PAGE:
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Josh Clark

Josh Clark
Principal, Big Medium

Website | @globalmoxie | Attendee Directory Profile

Josh Clark is a designer specializing in multi-device design, strategy, and user experience. He’s author of “Tapworthy: Designing Great iPhone Apps” (O’Reilly, 2010) and the forthcoming “Designing for Touch” (A Book Apart, 2014). Josh’s agency Global Moxie offers design services, strategic consulting, and training to help creative organizations build tapworthy apps and responsive websites. His clients include AOL, Time Inc, eBay, and many others, including Internet of Things healthcare startup Asthmapolis.

Josh is a regular speaker at international design conferences including Webstock, SXSW, Future of Web Design, Web 2.0, and many others.

Before the internet swallowed him up, Josh was a producer of national PBS programs at Boston’s WGBH. He shared his three words of Russian with Mikhail Gorbachev, strolled the ranch with Nancy Reagan, hobnobbed with Rockefellers, and wrote trivia questions for a primetime game show. In 1996, he created the uberpopular “Couch-to-5K” (C25K) running program, which has helped millions of skeptical would-be exercisers take up jogging. (His motto is the same for fitness as it is for software user experience: no pain, no pain.)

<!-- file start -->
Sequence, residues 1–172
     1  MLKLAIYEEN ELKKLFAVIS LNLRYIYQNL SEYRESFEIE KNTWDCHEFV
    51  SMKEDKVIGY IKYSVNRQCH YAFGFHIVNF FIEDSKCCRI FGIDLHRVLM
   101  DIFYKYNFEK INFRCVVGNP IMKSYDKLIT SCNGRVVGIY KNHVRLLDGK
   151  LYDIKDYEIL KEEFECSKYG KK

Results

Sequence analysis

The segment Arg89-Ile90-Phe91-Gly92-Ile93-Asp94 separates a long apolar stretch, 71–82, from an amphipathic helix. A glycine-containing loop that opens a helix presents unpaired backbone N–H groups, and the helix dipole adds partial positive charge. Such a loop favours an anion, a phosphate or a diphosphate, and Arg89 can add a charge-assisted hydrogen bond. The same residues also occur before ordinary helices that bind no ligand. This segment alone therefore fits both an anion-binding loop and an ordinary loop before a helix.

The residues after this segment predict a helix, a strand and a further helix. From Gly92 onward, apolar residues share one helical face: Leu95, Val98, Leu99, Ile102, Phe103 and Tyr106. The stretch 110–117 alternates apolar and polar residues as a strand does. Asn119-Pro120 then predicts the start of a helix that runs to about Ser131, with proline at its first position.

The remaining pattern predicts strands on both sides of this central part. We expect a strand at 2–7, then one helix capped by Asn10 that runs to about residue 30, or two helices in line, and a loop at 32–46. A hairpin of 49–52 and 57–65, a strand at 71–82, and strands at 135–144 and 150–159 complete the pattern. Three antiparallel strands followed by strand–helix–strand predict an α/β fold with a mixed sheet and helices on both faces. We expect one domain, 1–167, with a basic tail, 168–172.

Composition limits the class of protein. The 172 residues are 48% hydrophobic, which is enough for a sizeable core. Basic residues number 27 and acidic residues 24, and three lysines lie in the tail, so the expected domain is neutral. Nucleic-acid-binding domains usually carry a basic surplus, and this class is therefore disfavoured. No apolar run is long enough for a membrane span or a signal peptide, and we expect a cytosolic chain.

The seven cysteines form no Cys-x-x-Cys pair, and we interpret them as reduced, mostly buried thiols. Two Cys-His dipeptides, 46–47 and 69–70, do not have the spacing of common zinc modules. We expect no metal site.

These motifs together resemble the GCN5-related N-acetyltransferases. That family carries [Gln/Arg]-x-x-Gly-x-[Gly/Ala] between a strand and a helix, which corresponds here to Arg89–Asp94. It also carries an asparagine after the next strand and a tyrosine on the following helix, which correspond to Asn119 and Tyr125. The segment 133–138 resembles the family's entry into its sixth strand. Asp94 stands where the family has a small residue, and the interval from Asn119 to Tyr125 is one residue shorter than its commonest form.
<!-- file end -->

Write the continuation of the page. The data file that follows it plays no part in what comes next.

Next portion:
Location: Conference Center - Golden Gate Room
Josh Clark (Big Medium)
Average rating: *****
(5.00, 3 ratings)
There's untapped magic in the gaps between gadgets. Explore a rich trove of examples of the passive cues and active gestures that make us wizards slinging bits between connected devices. Designing this new class of physical, sensor-based interaction is not a challenge of technology but of imagination. The technology is already here, in our pockets, handbags, and living rooms. Learn to use it now. Read more.
Office Hours
Location: O'Reilly Booth (Table A)
Josh Clark (Big Medium)
The author of Tapworthy (O’Reilly), Josh is a designer specializing in multi-device design, strategy, and user experience. He’s ready to answer questions about design and UX, such as the interactions between devices/objects for the effortless exchange of data and identity, and passive (sensor-based) interaction vs intentional (“I want this”) interaction. Read more.